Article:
Weekly Call

The contributors and maintainers of all OCI projects have a weekly meeting Wednesdays at 2:00 PM (USA Pacific.) Everyone is welcome to participate via UberConference web or audio-only: 888-587-9088 or 860-706-8529 (no PIN needed.) An initial agenda will be posted to the mailing list earlier in the week, and everyone is welcome to propose additional topics or suggest other agenda alterations there. Minutes are posted to the mailing list and minutes from past calls are archived to the wiki for those who are unable to join the call.

Mailing List

You can subscribe and join the mailing list on Google Groups.


OCI discussion happens on #opencontainers on Freenode (logs).

Git commit

Sign your work

The sign-off is a simple line at the end of the explanation for the patch, which certifies that you wrote it or otherwise have the right to pass it on as an open-source patch. The rules are pretty simple: if you can certify the below (from

Developer Certificate of Origin
Version 1.1

Copyright (C) 2004, 2006 The Linux Foundation and its contributors.
660 York Street, Suite 102,
San Francisco, CA 94110 USA

Everyone is permitted to copy and distribute verbatim copies of this
license document, but changing it is not allowed.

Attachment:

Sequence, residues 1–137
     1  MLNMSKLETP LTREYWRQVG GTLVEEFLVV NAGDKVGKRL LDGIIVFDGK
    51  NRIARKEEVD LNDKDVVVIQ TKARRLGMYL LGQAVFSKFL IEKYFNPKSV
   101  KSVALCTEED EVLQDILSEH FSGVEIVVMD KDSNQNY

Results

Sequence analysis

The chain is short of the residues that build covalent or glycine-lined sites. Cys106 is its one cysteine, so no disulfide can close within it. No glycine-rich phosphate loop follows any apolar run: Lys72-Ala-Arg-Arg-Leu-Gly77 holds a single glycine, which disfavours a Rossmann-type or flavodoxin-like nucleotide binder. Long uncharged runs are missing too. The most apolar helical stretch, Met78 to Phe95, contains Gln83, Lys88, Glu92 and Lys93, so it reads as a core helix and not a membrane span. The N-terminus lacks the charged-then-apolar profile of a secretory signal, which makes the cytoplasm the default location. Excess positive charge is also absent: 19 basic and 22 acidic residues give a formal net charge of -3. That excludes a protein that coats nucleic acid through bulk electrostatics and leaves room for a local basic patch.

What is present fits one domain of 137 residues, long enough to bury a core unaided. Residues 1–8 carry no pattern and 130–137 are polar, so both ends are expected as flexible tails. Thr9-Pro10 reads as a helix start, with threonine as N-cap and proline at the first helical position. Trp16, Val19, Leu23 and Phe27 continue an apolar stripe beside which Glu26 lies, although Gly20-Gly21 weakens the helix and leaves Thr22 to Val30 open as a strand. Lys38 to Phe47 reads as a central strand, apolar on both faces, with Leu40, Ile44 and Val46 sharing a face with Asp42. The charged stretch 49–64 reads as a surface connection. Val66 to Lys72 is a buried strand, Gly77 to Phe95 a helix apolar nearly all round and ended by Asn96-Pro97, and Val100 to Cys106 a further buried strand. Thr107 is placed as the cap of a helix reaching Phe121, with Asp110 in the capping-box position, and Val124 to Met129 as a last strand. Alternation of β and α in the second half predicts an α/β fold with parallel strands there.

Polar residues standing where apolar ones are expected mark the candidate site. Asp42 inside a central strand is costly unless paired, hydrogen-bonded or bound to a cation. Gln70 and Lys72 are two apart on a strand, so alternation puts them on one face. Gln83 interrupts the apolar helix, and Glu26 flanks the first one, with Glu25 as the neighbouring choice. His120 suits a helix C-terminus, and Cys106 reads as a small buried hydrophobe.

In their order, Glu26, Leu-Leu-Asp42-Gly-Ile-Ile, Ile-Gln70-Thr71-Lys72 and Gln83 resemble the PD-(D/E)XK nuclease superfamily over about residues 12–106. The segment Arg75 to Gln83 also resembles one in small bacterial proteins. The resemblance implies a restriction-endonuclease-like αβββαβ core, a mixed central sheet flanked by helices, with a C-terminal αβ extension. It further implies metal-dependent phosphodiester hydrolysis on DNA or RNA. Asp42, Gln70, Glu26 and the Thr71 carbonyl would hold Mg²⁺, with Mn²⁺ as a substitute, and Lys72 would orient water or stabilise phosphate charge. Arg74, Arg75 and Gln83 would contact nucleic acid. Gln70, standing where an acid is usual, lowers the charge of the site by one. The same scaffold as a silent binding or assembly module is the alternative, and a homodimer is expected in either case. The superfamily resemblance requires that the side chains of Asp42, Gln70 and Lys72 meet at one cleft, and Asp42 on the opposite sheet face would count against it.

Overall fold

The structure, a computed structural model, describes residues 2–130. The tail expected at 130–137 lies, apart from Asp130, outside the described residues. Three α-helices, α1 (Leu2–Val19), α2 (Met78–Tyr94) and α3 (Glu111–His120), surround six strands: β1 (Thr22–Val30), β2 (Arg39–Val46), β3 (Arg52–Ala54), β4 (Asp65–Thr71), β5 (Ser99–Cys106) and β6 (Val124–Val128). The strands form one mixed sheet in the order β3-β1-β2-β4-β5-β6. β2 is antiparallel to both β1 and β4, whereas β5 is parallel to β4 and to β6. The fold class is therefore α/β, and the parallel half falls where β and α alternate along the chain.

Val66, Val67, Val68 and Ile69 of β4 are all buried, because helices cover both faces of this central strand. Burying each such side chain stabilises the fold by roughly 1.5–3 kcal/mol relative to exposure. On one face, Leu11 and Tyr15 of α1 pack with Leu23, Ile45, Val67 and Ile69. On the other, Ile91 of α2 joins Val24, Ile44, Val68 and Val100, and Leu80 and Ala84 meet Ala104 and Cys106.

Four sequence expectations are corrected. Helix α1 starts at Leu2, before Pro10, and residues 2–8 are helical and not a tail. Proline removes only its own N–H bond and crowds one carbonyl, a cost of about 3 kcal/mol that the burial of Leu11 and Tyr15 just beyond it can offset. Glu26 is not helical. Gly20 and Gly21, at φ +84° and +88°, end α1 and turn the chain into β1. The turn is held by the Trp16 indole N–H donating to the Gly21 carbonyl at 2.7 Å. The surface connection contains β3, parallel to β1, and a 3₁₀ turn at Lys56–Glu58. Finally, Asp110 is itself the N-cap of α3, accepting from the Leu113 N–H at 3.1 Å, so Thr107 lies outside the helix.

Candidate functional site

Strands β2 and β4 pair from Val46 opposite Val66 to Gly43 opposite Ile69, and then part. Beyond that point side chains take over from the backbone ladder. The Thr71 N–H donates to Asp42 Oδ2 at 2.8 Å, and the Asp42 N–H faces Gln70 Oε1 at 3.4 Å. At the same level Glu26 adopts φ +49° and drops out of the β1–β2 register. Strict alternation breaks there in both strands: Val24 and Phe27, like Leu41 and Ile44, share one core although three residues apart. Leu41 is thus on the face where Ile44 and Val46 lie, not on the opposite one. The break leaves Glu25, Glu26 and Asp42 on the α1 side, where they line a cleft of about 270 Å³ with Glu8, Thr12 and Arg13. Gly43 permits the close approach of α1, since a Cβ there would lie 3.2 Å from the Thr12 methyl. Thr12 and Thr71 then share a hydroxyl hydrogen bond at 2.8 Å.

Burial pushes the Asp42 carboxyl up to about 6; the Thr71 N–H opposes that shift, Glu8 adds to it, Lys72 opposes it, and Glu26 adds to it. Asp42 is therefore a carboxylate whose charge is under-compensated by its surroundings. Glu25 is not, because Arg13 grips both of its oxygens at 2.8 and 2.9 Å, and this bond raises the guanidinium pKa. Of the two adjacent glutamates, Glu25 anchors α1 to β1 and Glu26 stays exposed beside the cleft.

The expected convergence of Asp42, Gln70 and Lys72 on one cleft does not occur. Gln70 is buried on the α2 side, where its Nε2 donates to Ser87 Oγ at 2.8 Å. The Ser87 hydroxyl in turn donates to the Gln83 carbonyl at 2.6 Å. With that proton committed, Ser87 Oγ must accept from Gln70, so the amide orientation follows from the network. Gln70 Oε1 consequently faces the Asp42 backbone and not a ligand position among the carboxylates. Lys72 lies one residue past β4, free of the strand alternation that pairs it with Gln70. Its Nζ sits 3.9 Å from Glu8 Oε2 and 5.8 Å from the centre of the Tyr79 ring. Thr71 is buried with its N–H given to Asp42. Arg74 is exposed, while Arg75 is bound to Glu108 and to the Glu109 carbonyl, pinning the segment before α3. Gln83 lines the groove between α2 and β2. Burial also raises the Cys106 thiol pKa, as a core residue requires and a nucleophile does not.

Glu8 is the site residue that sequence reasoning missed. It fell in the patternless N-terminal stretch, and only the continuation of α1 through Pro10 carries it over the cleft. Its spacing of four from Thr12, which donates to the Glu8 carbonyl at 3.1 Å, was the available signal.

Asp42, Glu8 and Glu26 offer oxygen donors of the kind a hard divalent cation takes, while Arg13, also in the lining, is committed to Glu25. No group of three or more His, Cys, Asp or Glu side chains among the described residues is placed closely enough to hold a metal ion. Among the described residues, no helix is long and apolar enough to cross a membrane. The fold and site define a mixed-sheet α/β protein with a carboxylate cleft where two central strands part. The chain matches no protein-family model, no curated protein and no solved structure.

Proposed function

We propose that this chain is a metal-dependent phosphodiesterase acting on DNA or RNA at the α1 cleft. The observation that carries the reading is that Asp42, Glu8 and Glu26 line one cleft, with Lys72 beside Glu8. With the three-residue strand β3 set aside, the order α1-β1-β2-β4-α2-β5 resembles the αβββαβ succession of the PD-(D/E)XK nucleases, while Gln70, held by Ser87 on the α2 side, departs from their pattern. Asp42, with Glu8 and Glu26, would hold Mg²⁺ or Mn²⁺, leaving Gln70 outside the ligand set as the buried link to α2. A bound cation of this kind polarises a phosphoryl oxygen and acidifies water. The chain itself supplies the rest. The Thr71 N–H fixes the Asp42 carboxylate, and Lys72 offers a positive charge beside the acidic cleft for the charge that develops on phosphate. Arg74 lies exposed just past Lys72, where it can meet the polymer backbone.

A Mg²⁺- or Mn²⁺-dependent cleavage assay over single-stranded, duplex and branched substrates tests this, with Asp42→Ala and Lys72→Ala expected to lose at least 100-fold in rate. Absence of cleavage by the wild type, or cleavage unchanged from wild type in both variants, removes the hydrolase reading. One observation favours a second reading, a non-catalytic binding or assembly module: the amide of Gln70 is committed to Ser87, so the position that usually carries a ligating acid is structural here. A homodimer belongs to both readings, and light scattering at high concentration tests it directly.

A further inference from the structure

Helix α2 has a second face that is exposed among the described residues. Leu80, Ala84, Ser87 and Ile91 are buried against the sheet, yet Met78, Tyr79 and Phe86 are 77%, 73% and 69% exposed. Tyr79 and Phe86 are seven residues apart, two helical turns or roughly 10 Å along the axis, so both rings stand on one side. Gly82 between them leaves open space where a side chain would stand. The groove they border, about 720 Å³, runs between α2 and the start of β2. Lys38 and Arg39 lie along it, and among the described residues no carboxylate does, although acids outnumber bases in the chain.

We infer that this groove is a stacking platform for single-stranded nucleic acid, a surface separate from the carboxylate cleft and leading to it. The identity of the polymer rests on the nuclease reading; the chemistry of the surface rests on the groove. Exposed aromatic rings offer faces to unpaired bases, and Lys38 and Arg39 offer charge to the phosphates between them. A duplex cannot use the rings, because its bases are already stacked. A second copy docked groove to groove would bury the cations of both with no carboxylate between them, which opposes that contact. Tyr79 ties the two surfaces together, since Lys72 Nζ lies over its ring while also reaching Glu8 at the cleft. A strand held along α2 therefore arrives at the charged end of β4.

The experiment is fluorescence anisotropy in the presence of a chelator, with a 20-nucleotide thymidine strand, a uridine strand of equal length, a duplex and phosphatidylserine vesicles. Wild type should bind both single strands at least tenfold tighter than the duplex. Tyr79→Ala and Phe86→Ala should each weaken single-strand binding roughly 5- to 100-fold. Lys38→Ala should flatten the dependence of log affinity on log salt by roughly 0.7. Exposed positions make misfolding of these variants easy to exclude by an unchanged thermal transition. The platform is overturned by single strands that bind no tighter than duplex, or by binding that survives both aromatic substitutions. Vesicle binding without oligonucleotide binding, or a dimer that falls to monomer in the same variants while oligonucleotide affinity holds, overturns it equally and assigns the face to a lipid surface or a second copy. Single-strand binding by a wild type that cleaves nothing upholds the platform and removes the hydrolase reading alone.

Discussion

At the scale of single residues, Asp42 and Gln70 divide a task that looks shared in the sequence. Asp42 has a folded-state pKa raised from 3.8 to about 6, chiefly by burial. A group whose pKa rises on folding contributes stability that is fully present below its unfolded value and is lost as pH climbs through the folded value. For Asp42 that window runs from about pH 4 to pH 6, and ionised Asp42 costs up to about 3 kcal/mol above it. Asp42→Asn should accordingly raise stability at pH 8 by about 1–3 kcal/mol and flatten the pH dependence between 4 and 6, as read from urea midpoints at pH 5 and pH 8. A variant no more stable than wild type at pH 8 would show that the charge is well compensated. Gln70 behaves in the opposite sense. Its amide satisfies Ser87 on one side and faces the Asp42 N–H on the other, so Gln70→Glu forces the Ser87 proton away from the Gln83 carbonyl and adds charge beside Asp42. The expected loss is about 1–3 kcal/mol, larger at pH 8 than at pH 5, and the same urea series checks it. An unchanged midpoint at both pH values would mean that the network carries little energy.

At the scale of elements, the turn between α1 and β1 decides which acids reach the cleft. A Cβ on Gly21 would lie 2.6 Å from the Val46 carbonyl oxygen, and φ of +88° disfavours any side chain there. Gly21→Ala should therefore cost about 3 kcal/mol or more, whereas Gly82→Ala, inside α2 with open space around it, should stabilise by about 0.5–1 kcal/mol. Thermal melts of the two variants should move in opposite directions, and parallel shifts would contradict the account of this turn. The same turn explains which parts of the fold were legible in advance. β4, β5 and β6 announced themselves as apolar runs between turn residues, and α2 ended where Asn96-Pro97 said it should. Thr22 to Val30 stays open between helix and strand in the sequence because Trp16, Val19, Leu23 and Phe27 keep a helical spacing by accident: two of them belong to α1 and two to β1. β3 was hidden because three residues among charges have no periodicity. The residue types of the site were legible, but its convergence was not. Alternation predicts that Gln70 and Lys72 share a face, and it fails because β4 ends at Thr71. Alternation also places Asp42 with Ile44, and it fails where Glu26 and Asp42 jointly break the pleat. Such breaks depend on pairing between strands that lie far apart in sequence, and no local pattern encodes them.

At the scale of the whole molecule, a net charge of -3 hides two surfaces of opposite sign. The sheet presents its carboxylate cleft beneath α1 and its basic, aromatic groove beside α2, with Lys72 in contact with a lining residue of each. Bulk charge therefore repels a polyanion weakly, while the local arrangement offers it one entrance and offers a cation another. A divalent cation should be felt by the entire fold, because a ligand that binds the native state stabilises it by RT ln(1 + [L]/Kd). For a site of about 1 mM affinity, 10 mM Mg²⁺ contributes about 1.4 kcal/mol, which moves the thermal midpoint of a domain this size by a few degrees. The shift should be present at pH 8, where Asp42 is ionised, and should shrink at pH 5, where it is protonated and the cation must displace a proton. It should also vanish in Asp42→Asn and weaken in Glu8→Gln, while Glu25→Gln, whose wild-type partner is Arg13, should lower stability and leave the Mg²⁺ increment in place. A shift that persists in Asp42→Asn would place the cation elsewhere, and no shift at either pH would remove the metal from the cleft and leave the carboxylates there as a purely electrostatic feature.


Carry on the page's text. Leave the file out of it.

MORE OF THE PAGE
Developer's Certificate of Origin 1.1

By making a contribution to this project, I certify that:

(a) The contribution was created in whole or in part by me and I
    have the right to submit it under the open source license
    indicated in the file; or

(b) The contribution is based upon previous work that, to the best
    of my knowledge, is covered under an appropriate open source
    license and I have the right under that license to submit that
    work with modifications, whether created in whole or in part
    by me, under the same open source license (unless I am
    permitted to submit under a different license), as indicated
    in the file; or

(c) The contribution was provided directly to me by some other
    person who certified (a), (b) or (c) and I have not modified

(d) I understand and agree that this project and the contribution
    are public and that a record of the contribution (including all
    personal information I submit with it, including my sign-off) is
    maintained indefinitely and may be redistributed consistent with
    this project or the open source license(s) involved.

then you just add a line to every git commit message:

Signed-off-by: Joe Smith <>

using your real name (sorry, no pseudonyms or anonymous contributions.)

You can add the sign off when creating the git commit via git commit -s.

Commit Style

Simple house-keeping for clean git history. Read more on How to Write a Git Commit Message or the Discussion section of git-commit(1).

  1. Separate the subject from body with a blank line
  2. Limit the subject line to 50 characters
  3. Capitalize the subject line
  4. Do not end the subject line with a period
  5. Use the imperative mood in the subject line
  6. Wrap the body at 72 characters
  7. Use the body to explain what and why vs. how
  • If there was important/useful/essential conversation or information, copy or include a reference
  1. When possible, one keyword to scope the change in the subject (i.e. "README: ...", "runtime: ...")